New Deal democrat, Dauphin

    but I can imagine the howls from the crazy right about yet another stratagem in the long-running conspiracy to eliminate the last vestige of states' rights, or some such.

  •  They can't borrow (2+ / 0-)
    Recommended by:
    pico, gerald 1969

    There's a contradiction in your diary, and I think you may have misinterpreted the NY Times piece.

    As you say most states now have restrictions on borrowing, meaning they must balance their budgets.  They have to slash spending during a recession, which is bad policy.

    You are advocating states borrowing from the Federal government, but your premise is also that they are not allowed to borrow, which is correct.  So just as they can't borrow from the bond market, they can't borrow from the feds.

    That's why the NY Times proposed something slightly different from borrowing.  It said that the feds should advance payments that the feds know they are going to have to make to the states and then underpay those payments in the future.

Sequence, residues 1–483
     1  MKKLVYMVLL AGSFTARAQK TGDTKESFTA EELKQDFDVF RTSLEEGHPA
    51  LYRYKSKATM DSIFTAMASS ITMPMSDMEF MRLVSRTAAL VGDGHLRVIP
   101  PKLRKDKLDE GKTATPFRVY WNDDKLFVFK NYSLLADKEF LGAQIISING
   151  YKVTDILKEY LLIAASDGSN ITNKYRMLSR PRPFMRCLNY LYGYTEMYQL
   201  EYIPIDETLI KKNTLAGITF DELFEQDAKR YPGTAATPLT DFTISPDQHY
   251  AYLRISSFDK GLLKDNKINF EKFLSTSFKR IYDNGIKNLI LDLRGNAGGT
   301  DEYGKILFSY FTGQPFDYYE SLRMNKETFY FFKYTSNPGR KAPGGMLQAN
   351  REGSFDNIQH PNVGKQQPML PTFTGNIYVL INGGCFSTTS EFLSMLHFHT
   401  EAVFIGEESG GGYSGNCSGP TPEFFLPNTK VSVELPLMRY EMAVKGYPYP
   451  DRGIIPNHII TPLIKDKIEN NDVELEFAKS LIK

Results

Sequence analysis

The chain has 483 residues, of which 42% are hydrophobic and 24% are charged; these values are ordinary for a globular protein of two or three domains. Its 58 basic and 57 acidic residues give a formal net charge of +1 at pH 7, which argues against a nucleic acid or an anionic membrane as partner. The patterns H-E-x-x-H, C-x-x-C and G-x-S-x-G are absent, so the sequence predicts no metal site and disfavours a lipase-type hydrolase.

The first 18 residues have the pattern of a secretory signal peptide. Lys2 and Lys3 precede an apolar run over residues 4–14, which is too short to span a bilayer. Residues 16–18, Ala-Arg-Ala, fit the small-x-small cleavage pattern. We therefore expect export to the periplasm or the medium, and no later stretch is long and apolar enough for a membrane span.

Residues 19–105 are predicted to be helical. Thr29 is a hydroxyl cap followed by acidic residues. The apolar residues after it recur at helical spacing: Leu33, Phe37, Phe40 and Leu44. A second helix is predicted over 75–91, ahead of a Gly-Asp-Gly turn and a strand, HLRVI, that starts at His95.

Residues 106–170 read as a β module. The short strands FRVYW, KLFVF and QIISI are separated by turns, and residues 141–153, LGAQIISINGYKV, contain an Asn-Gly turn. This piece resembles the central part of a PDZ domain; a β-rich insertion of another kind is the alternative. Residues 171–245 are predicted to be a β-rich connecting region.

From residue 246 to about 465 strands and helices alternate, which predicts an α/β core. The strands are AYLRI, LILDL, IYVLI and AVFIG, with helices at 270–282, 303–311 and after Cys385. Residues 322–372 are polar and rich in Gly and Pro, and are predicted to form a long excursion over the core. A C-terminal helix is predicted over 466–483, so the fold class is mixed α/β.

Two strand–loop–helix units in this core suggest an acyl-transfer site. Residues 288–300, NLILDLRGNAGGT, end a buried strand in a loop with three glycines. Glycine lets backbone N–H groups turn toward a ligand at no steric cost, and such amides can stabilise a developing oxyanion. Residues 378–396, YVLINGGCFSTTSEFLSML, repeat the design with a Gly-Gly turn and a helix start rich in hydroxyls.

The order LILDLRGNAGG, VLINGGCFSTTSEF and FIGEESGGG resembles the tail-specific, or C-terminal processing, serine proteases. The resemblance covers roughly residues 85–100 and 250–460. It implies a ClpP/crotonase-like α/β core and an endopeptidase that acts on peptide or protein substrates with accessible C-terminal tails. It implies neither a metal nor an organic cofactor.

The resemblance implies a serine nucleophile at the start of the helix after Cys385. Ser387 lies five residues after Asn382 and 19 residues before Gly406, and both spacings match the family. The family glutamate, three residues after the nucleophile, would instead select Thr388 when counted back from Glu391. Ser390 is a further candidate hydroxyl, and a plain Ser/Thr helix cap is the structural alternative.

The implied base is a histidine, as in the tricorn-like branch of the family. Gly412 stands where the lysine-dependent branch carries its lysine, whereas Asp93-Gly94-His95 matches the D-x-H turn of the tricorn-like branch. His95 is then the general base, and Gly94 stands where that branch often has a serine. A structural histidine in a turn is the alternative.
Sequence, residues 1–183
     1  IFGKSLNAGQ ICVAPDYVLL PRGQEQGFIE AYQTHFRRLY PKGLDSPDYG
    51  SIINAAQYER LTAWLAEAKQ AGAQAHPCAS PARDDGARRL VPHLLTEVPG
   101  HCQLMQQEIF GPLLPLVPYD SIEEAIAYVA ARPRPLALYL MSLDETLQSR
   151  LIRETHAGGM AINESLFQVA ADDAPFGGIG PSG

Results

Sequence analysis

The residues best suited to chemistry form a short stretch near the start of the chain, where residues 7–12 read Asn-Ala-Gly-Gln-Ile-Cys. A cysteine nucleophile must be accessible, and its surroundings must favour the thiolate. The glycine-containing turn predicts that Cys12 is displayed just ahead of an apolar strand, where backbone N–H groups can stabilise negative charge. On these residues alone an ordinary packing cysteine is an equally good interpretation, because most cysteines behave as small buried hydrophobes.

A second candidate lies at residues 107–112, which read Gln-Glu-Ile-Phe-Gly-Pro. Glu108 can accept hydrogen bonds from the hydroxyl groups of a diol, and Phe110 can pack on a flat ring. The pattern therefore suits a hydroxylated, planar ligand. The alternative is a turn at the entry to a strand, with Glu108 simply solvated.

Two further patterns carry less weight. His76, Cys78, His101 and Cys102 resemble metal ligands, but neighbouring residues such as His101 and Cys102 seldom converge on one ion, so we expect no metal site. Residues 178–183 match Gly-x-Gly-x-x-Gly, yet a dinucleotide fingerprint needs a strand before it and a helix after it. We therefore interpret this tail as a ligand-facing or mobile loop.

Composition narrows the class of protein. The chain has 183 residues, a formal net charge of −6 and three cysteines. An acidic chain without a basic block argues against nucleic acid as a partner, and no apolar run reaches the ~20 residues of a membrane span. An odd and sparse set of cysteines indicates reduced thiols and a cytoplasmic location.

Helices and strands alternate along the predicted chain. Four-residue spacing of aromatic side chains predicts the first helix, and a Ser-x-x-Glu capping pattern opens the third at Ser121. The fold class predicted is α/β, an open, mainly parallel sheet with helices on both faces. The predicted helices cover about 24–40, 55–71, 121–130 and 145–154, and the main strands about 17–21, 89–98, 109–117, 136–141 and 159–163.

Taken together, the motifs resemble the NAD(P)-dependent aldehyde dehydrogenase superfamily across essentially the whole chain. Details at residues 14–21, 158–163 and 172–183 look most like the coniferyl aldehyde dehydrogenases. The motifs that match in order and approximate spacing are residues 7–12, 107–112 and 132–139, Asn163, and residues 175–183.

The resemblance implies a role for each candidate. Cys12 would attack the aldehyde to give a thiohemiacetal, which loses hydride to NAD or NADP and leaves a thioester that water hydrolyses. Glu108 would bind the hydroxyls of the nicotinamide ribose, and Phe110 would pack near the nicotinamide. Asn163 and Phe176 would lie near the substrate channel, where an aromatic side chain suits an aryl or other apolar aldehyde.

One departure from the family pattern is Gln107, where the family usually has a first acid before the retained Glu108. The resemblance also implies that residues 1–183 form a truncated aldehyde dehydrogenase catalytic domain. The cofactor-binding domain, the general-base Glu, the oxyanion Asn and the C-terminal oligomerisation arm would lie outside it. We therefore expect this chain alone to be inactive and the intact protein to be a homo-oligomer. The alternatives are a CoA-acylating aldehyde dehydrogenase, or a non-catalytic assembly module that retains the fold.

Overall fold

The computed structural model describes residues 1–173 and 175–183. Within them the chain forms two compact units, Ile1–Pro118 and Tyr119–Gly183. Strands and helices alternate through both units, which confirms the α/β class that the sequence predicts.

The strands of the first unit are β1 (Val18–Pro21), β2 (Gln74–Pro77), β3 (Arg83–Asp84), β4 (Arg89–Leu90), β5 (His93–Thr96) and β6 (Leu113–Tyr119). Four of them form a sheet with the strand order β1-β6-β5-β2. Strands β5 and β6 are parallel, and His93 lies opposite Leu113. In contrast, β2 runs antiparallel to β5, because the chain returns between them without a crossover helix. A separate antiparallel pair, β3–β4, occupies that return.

For example, the feds reimburse states for medicare and medicaid.  So they could pay billions more than are supposed to be paid this year for those programs and have the states "pay back" the money with under payments in the future.

    I know this sounds like an accounting gimmick and it is, but just wanted to point out that the idea was to get around the prohibition on borrowing.

  •  Or the States could just (0+ / 0-)

    live within their means......what a novel know, just like when we don't have enough money - it's just what you have to do.

    The care of human life and happiness, and not their destruction, is the first and only legitimate object of good government. - Thomas Jefferson

    by ctexrep on Mon Jul 12, 2010 at 06:47:25 AM PDT

  •  In WWII the UK was practically broke. (4+ / 0-)